Customer Experience, and why restaurants should always pay their taxes

October 4, 2011

Customer Loyalty - advocacy and customer experience managementMy family and the world at large has been spending the greater part of the last few years convincing me that I should try to live a healthier life. For the most part I’ve listened. But I do admit to having a weakness for the most American of culinary treats. Barbeque.

I was chatting with a friend of mine who lives in Georgia, about barbeque the other day, and he told me a great story.  As the story goes, in his hometown the proprietor of the area’s most popular rib joint found himself in a bit of trouble with back taxes. As it turned out, he owed the government quite a lot of money. With this news it looked like one of the oldest restaurants in the town would have to close down.

When the community heard of these financial difficulties, a group of them – you might call them advocates – actually began to collect money from the restaurant’s most loyal customers. A local restaurant bailout plan if you will. For those diners, having the area’s best ribs was more than dinner; to them it was a part of the community.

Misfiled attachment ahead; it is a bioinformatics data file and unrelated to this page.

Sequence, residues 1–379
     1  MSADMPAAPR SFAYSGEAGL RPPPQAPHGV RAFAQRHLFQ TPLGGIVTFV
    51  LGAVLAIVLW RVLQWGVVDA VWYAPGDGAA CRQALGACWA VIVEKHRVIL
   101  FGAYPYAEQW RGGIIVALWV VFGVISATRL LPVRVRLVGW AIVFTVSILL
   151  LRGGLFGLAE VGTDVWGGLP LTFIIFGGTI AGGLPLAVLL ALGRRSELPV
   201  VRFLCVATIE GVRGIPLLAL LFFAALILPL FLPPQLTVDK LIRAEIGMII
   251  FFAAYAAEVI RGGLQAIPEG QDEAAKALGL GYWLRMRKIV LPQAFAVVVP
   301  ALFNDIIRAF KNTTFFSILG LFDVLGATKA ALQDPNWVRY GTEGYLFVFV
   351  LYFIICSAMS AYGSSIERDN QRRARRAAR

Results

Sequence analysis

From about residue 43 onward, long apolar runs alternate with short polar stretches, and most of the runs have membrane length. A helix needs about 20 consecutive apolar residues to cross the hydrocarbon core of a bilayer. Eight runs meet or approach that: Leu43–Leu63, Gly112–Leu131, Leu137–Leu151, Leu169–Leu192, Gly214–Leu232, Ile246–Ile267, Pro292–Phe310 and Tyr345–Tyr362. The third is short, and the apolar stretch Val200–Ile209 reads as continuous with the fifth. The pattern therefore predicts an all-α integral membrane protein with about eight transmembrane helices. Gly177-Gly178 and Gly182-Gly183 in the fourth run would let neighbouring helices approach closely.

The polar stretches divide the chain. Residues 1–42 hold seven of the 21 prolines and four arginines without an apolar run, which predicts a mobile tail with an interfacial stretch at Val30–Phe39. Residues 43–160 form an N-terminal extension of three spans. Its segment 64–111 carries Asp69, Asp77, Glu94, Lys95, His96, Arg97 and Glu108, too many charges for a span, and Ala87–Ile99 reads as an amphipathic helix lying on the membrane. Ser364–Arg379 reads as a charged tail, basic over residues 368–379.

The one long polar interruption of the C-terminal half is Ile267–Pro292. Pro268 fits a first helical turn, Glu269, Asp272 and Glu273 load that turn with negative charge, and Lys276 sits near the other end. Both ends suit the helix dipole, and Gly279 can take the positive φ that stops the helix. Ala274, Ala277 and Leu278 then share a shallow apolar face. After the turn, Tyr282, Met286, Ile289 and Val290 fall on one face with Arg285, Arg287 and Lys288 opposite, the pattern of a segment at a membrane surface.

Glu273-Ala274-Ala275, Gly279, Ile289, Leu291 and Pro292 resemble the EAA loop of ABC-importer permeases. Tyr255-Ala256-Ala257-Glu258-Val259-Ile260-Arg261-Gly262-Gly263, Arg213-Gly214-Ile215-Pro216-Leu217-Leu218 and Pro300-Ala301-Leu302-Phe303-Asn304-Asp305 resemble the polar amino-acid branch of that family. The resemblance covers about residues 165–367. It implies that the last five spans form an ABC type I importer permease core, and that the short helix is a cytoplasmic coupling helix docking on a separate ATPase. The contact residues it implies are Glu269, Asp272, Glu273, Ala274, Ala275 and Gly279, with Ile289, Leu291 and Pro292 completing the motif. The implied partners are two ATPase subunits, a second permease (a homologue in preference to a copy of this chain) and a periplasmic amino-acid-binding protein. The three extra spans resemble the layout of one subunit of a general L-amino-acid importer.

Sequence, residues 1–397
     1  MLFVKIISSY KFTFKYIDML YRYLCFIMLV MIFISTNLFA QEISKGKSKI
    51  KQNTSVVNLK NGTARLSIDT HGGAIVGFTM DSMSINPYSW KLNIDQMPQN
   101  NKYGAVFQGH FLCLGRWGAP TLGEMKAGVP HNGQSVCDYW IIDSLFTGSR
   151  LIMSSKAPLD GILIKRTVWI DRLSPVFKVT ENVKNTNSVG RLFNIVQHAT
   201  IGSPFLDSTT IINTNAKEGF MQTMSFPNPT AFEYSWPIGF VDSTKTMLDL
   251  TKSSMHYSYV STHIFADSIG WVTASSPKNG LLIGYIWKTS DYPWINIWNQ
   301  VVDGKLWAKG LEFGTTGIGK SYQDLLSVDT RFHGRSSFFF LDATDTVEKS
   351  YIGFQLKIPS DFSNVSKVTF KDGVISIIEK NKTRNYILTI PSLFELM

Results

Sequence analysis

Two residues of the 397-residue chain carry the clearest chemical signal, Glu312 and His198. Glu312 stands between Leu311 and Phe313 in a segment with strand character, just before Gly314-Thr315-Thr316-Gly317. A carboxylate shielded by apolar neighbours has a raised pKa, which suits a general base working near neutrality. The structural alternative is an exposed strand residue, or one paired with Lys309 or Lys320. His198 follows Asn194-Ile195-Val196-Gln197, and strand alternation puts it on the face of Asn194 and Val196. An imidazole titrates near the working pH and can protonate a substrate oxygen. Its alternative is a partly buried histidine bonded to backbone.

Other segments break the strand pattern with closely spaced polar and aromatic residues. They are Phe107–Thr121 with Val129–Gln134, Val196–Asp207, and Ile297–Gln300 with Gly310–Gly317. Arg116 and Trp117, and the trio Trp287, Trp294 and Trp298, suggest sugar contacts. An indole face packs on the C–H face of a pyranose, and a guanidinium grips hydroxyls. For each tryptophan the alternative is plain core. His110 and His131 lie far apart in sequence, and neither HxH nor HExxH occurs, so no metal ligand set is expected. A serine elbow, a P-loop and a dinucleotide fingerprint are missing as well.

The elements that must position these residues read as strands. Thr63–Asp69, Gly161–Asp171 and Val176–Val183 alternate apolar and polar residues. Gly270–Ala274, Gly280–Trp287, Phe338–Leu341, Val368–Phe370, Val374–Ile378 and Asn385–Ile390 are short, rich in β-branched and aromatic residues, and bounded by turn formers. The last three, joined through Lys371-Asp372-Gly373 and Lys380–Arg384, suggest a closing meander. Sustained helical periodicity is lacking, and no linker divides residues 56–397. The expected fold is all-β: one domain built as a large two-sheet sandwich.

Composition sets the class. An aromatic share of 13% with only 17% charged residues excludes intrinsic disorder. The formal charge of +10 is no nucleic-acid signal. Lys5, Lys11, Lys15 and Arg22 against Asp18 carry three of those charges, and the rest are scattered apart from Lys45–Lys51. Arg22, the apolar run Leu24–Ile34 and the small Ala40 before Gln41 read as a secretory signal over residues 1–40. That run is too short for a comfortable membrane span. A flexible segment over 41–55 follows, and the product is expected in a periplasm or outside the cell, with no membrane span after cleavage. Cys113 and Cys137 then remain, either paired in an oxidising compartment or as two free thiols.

It’s sometimes easy to overlook the emotional connection businesses can have with their customers and the communities that support them.

Can restaurants without the local history that the rib joint had still have this type of relationship with a customer base? Of course they can. The recipes may not come from their grandmother, but chains and quick serve locations are still local businesses run by local franchisees or a local management team.

There’s nothing stopping them from creating a customer and employee experience of a family business; An experience with a real connection to the community. They just have to know where to start.

Customer experience might sound dry, but it can be first step to help get a grip on what is and isn’t working with your business today. But beyond simply surveying and reporting CEM programs can evolve to not only identify what your experience is like today, but also prescribe how to fine tune it for your most loyal fans.

Those loyal fans are the ones that can be nurtured in to advocates. After all, there is no better advertising than word of mouth.

They might not pay your taxes, but over the years one thing I’ve learned it’s sometimes surprising how many fans a business really has. The trick is keeping them, and leveraging them to help build your business by giving them an experience they will really love.

Do you have that type of relationship with any of your local restaurants? I’d love to hear why you do or perhaps do not.